There are still the occasional visitors to Bounty, but as each year passes there are fewer and fewer reminders of the community's past glory days. Vandals, neglect and the elements are leveling Bounty's past. Each year, at least one more abandoned building is toppled. But in 1997, there was a brief rally by former residents to ensure Bounty was never forgotten.
Although the 85-year-old brick school at the south-end of Main Street was long closed, locals and past residents were adamant the 24-inch cast iron bell, lodged in an open four-sided bell house on top of a five-metre high tower, should be saved.
The bell was brought back to Edmonton by former resident Gary Lewis, who was born in the area in 1939, and raised on a farm 10 kilometres south of town. Lewis had the bell restored; sandblasted and re-painted.
He then had a memorial plaque made up, and the bell was taken back to Bounty. In 2000, it was placed permanently at the front entrance of the Fertile Valley Cemetery.
On July 15, 2000, more than 400 locals and former residents held a re-union and a dedication ceremony for the school bell at the Bounty Hall. It was a Saturday, and of course there was a rip-roaring dance just like in the old days. The original Bounty Blue Birds came, and played, as did the 1953 Bounty School Band and the Dallas Orchestra.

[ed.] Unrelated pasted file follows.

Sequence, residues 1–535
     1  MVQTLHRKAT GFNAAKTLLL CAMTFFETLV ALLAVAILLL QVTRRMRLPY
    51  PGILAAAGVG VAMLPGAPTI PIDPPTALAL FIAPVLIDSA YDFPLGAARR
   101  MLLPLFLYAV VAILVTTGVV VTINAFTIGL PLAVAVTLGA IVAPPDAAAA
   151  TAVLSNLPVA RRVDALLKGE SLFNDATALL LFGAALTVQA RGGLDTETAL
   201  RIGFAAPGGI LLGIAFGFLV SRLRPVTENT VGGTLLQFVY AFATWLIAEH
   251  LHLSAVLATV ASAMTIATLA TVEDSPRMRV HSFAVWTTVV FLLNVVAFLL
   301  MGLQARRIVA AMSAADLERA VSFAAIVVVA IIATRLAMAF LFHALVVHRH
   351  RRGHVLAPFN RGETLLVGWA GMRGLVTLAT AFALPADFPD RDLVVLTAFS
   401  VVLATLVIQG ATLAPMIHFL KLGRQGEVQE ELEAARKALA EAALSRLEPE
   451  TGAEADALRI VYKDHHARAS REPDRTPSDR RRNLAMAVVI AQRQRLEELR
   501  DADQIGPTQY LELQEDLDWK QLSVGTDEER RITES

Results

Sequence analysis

For the past five years, Lewis has spearheaded a committee to look into ways to save the Bounty Community Hall, one of the last remaining institutions in the former village. The rural municipality has given the committee permission to preserve the building. Applications have been made to the provincial government for heritage preservation funding. More dances have been held to raise money. There has been interest from Saskatoon, North Battleford, Hitchcock Bay and Outlook to have the community hall moved to those locations. Outlook is considered the most preferable because it is the closest community to Bounty.
"I am sad that it has to leave its present location but everyone realizes, including me, that if the community hall stays where it is, it could get burned down, destroyed or fall down by itself someday," says Gary. "It was the hub of the town."
As another sun sets in Bounty, the gaily wrapped sounds of music, laughter and the chiming of a school bell can be heard on the distant breeze, heralding another time past but not forgotten.
|Land Location||SW S33 T29 R10 W3M|
|Rural Municipality||285 - Fertile Valley|
|GPS Location||51° 31' 22", -107° 21' 47"|